The first two core genes that regulate
the amount of deep sleep and dreaming have been identified by researchers. This finding is a key development that could lead to the discovery of a network of related genes controlling
The study from the Peter O'Donnell Jr. Brain Institute demonstrates in mice that a single gene controls the amount of non-REM (rapid eye movement) sleep, which includes deep sleep. A second gene controls the amount or need for REM sleep, associated with vivid dreaming. The findings provide a critical molecular entry point to explain how sleep works and to identify potential targets to better treat sleep disorders.
"This research is just the beginning. We believe that these two genes are the first of many that regulate sleep," said study co-author Dr. Joseph S. Takahashi, Chairman of Neuroscience with the O'Donnell Brain Institute at UT Southwestern Medical Center and Investigator in the Howard Hughes Medical Institute.
To find out, researchers used a forward-genetic approach in which they screened for sleep disorders in 8,000 mice using electroencephalogy (EEG) to monitor brain waves. They found two distinct pedigrees of note:
* Sleepy - A mouse they called Sleepyhad 50% more non-REM sleep than normal mice without any other obvious defects, caused by a mutation in the Salt-Inducible Kinase 3 Sik3 (Sik3) gene.
* Dreamless - A mouse researchers called Dreamlesswas severely deficient in the amount of REM sleep, a stage of rest characterized by rapid eye movements and vivid dreams. This deficit was caused by a mutation in the Sodium Leak Channel Non-selective (Nalcn) gene.
Researchers introduced these same mutations into normal mice and saw their sleep behaviors change accordingly.
"We hope this is the entry door to the black box that explains how our sleep is regulated," said the senior co-author Dr. Masashi Yanagisawa, an Adjunct Professor of Molecular Genetics at UT Southwestern and former HHMI Investigator. He now directs the International Institute for Integrative Sleep Medicine (IIIS) at the University of Tsukuba in Japan, where most of the mice were screened.
Normal sleep patterns include short durations of REM sleep surrounded by longer stretches of non-REM sleep and account for about a quarter of a night's rest in most young adults. Many forms of sleep disorder distort these patterns. Because the Sik3 and Nalcn genes have just been identified, no evidence yet exists to link them directly to known sleep disturbances in humans.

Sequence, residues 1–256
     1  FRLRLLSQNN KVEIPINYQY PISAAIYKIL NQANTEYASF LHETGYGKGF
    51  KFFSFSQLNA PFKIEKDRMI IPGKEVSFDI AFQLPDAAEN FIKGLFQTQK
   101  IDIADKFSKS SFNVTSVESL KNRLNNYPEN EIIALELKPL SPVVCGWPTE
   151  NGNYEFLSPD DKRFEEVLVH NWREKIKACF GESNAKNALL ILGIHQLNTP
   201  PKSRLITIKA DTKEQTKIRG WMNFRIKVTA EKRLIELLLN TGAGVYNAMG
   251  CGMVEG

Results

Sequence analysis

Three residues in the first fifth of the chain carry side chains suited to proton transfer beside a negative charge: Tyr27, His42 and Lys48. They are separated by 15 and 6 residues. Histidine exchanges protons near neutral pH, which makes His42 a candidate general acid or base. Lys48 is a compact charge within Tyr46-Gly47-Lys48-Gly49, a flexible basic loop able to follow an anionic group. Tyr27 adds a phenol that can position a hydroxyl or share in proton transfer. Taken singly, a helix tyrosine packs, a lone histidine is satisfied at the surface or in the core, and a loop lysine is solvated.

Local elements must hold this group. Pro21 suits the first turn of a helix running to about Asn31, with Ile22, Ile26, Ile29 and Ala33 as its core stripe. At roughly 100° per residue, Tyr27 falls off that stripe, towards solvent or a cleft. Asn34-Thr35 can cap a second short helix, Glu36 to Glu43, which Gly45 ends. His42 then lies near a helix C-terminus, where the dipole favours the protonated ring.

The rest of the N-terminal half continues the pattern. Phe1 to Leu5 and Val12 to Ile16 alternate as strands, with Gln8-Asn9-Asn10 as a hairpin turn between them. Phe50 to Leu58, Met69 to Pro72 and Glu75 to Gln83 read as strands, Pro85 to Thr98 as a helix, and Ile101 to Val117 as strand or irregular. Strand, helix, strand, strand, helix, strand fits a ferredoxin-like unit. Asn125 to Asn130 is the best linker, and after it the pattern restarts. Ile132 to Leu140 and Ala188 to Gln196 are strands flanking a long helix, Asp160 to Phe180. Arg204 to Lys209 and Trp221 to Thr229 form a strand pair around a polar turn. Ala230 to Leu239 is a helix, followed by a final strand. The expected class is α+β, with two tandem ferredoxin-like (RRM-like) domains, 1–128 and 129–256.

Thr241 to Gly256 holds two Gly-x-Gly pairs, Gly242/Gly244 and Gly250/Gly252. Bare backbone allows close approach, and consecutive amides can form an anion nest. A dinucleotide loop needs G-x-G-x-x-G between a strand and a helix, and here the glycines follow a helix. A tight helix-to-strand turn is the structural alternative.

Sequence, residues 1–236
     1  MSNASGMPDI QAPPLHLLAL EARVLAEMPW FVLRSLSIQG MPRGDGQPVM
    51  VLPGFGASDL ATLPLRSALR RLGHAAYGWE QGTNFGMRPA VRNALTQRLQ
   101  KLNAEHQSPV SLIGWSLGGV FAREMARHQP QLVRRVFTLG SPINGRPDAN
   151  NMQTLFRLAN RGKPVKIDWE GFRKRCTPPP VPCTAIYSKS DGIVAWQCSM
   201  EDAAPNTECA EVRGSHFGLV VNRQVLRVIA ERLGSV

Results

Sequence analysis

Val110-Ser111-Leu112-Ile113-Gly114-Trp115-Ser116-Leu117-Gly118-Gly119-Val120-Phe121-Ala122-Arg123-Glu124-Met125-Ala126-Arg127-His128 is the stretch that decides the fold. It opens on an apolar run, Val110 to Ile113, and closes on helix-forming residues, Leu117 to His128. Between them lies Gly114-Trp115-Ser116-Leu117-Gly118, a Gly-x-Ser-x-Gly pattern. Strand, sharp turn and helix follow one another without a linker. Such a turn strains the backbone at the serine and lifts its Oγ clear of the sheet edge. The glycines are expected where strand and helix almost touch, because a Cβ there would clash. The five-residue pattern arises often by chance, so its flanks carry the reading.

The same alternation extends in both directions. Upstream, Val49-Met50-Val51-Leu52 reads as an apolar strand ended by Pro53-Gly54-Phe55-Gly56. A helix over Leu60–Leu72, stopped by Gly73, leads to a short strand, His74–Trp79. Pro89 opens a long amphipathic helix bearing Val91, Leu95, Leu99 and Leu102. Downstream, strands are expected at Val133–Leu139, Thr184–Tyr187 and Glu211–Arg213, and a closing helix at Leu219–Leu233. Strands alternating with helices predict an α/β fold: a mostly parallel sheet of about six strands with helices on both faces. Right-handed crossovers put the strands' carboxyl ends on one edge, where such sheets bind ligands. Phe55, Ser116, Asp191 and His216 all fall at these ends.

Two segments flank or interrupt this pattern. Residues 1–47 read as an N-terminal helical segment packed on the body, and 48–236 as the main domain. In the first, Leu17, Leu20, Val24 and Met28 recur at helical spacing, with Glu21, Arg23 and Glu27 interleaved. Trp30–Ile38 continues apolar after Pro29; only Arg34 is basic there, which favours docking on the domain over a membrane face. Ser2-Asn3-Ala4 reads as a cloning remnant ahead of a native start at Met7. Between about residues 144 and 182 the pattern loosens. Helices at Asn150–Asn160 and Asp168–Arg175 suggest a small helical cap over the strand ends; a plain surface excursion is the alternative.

However, while the role and importance of REM sleep remains a point of debate, many scientists agree this stage of rest is involved in the formation of emotional memories and coping with negative experiences. Thus, a lack of REM sleep may contribute to conditions such as posttraumatic stress disorder (PTSD).
"At least in theory, this study opens up future possibilities to create new sleep-regulating drugs, but doing so will occur in the distant future," said Dr. Yanagisawa, noting that the proteins produced by Sik3 and Nalcn could possibly be molecular targets for new medicines.
Dr. Takahashi used a forward-genetic approach two decades ago to make a landmark discovery of the Clock gene that regulates the body's biological clock. The finding led his team to discover a network of more than 20 other related genes.
Dr. Takahashi said he expects the screen for sleep genes will lead to more genes, forming perhaps a much larger group than the clock genes because sleep affects more parts of the brain.
What's unclear is how big a part the other genes in that network play in regulating sleep. The Takahashi lab found that only a handful of the clock genes have a crucial role in the larger network.
"If the same is true for sleep, this is going to be a simplifying, illuminating discovery," said Dr. Takahashi, holder of the Loyd B. Sands Distinguished Chair in Neuroscience and 2016 recipient of the Peter Farrell Prize in Sleep Medicine.
Dr. Takahashi said he had wanted to conduct such a genetic screen for sleep mutants for many years but had to overcome logistical issues to conduct a large-scale effort. Most mouse studies involve no more than a few dozen animals, but Dr. Yanagisawa rapidly scaled up and optimized his lab's ability to screen large numbers of mice initially at UT Southwestern and now at his institute in Japan.
"To be able to screen 8,000 mice is something that most people would say is too much work," said Dr. Takahashi, explaining that each mouse had to be surgically wired for the EEG readings, among other steps. "Technically, this project was very challenging."